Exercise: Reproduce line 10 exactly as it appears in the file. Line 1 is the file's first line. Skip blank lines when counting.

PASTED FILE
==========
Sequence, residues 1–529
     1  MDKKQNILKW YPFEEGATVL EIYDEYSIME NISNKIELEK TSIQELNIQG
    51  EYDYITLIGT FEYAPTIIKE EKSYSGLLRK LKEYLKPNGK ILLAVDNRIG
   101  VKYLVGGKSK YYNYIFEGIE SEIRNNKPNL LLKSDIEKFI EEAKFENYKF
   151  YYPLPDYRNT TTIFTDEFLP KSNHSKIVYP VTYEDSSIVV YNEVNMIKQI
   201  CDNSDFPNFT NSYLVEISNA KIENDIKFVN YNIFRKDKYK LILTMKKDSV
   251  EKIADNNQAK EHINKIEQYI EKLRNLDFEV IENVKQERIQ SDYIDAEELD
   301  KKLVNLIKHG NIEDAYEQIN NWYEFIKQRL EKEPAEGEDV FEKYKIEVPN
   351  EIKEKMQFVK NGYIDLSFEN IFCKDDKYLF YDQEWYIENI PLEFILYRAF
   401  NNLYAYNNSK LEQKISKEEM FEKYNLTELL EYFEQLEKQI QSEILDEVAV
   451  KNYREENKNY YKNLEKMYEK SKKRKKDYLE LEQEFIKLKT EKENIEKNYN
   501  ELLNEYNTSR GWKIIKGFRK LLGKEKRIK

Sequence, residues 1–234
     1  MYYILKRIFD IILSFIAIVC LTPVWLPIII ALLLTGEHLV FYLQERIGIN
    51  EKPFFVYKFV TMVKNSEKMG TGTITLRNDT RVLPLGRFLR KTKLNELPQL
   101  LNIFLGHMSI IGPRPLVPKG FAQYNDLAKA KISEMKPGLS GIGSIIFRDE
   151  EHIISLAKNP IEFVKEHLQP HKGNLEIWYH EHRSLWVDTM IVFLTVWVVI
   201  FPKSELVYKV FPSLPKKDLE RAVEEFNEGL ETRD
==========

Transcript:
   401  NNLYAYNNSK LEQKISKEEM FEKYNLTELL EYFEQLEKQI QSEILDEVAV